I want an epsilon that doesn't confuse newbies and which also is efficient. epsilon=1/2**(mantissa bits-1) fits the bill.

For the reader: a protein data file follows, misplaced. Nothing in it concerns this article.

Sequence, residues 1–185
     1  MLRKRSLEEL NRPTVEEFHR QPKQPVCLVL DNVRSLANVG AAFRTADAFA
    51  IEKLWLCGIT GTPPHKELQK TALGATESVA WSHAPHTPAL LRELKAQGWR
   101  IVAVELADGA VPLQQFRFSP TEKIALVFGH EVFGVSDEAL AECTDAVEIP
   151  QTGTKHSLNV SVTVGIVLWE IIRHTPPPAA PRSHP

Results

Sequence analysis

Why I want this- It would be great to have numbers survive round-trip conversions, when feasible. Specifically I have no need to compare Rats and Nums for equality, but I do often deal with "flat" text files full of metrics, and remotely sourced json, and XML. The data types are sometimes unexpected. -y On Wed, Mar 7, 2018 at 5:16 PM, Solomon Foster <colo...@gmail.com> wrote: > On Sun, Mar 4, 2018 at 8:49 AM, yary <not....@gmail.com> wrote: > >> In that spirit, I'd expect numeric comparison in general, and epsilon >> specifically, to be set so these return True: >> >> > pi == pi.Rat # Does Num to Rat conversion keep its precision? >> False >> > pi.Str.Num == pi # Does Num survive string round-trip? - Nothing to do >> with epsilon >> False >> >> > Why on earth would you want to do this? > > I mean that quite literally. The only reason I can see for directly > comparing a Num and a Rat for equality is to check and see if the Rat has > the same precision as the Num. In practice, it's well-known you generally > shouldn't use equality tests on floating point numbers. Converting one > side of the equation to a Rat just makes it make even less sense. > > > I've just been playing around with Num to Rat conversion, and here are > some quick notes. > > 1) You can pass 0 as the epsilon for the Rat constructor, which seems to > be equivalent to very very small values of epsilon. > > 2) pi.Rat(0) + exp(1).Rat(0) is a Rat, but pi.Rat(0) + exp(1).Rat(0) + > sin(.2).Rat(0) is a Num. (On the other hand, pi.Rat() + exp(1).Rat() + > sin(.2).Rat() is still a Rat.) > > 3) Remember (I had forgotten!) that Nums can represent numbers much > smaller than a Rat can. 1e-100 is a perfectly reasonable Num, but (were > Rat behaving properly) the closest possible Rat value is 0. > > 4) That said, if you actually do (1e-100).Rat(0), it gives you (1 > 100000000000000001590289110975991804683608085639452813897813 > 27557747838772170381060813469985856815104). Needless to say, that's not > actually a legal Rat. Surprisingly (to me, anyway) it is accurate to > better than 1e-110. > > 5) Somewhat more distressingly, (1e+100).Rat gives you ( > 100000000000000001590289110975991804683608085639452813897813 > 27557747838772170381060813469985856815104 1). That's only accurate to > 10**83. Which is to say, it's as accurate as a double gets -- 16-17 > digits. (BTW, that is a legal Rat.) > > I admit don't really know what to do with this. > > -- > Solomon Foster: colo...@gmail.com > HarmonyWare, Inc: http://www.harmonyware.com >